Open captions, which are visible to all members of the audience, have reportedly received pushback due to the potentially prohibitive cost for independent films with limited budgets — though competition films such as “Mutt” and “A Thousand and One” will now screen with open captions, according to Indiewire. But in an industry that touts its progressive bona fides, highlights of the calendar like Sundance — which counts major corporations such as Acura among its sponsors — could conceivably find a way to diffuse those costs and remain at the cutting edge of accessible moviegoing.

As to what happens next for “Magazine Dreams,” a source close to the film told The Times that they hope a technical issue does not color the response to the film, but acknowledged that the device’s malfunction is out of their control. Actor Taylour Paige, who appears in the film, took a more direct tone in her comment on a since-deleted post about the matter on Indiewire’s Instagram account: “this isn’t our films fault and spreading information that’s both hurtful and harmful for what?”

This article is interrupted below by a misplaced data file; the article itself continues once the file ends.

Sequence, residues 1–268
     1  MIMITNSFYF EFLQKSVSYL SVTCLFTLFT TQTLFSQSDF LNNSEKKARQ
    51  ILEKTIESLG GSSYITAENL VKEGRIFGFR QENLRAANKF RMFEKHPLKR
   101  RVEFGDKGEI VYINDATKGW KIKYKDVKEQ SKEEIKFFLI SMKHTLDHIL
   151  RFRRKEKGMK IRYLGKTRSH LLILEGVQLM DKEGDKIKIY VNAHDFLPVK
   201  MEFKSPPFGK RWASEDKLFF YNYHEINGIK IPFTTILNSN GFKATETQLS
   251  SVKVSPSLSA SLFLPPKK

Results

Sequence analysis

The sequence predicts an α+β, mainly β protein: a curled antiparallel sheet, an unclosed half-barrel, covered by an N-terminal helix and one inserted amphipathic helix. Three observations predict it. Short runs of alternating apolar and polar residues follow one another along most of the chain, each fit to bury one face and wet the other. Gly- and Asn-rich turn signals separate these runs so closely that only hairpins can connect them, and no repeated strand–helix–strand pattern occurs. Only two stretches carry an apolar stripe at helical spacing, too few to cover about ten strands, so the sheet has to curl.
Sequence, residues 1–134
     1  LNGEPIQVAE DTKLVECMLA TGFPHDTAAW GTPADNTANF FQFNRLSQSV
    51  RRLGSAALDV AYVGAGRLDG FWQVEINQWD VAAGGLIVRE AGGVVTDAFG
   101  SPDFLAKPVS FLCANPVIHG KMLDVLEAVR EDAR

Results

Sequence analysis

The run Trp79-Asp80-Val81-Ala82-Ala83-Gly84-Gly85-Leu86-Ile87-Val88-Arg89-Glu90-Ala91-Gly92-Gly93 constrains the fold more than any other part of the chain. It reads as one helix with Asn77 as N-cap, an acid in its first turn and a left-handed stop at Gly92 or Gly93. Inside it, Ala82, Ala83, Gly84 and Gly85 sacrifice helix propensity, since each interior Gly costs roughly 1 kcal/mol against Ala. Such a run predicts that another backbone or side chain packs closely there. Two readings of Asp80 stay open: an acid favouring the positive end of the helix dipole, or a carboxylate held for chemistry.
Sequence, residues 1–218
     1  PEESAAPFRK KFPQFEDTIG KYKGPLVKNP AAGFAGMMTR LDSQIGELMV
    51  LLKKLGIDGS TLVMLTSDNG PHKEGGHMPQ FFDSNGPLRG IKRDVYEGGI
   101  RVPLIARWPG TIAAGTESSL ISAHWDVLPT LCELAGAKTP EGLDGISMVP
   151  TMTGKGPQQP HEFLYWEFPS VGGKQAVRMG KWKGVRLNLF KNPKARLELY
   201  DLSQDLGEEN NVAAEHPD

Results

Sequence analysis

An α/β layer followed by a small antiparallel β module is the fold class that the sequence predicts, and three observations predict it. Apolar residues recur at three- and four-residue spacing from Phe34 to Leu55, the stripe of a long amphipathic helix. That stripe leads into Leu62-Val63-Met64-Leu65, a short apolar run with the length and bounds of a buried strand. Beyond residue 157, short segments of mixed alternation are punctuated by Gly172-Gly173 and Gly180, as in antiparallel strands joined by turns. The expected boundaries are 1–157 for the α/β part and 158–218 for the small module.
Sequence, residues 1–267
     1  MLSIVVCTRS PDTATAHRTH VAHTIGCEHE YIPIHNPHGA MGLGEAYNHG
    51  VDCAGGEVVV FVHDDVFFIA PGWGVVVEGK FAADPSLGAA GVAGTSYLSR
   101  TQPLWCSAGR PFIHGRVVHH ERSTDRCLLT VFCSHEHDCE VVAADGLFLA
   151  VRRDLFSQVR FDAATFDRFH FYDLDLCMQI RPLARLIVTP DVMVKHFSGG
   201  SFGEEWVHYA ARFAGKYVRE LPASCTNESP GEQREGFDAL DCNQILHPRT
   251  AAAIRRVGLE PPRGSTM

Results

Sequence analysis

“Magazine Dreams,” which also played Sunday morning, next screens Wednesday at 5:45 p.m. MT at the Ray Theatre. —Mark Olsen and Tracy Brown

READ MORE: Psychological thrillers ‘Fair Play’ and ‘Magazine Dreams’ jolt Sundance competition to life

The queue

The movies worth standing in line for

Two men collecting fish out of a net
“Against the Tide” by Sarvnik Kaur is an official selection of the World Documentary Competition at Sundance.
(Snooker Club Films)

Some of the first words you hear in “Against the Tide” — “Fear not, fear not!” — are spoken during a joyous family ceremony to welcome a new child. But that entreaty feels more bleakly ironic with each repetition in Sarvnik Kaur’s beautifully composed and movingly intimate documentary about two fishermen who have grown up together in Bombay’s Indigenous Koli community. As close as brothers, they have long parted company where their work is concerned: The poorer Rakesh follows the traditional, sustainable methods handed down by past generations, while the richer Ganesh has embraced environmentally destructive modern techniques, including LED light-fishing technology. That causes more than its share of brotherly acrimony, though the aching sadness of “Against the Tide” comes from the realization that, in an ocean already ravaged by the unchecked greed of human industry, both men’s efforts may well be futile. (Screening Room, Sundance Mountain Resort, 12 p.m. MT) — Justin Chang

A young woman in South Asian wardrobe practicing a martial arts pose.
Priya Kansara in “Polite Society” by Nida Manzoor.
(Parisa Taghizadeh)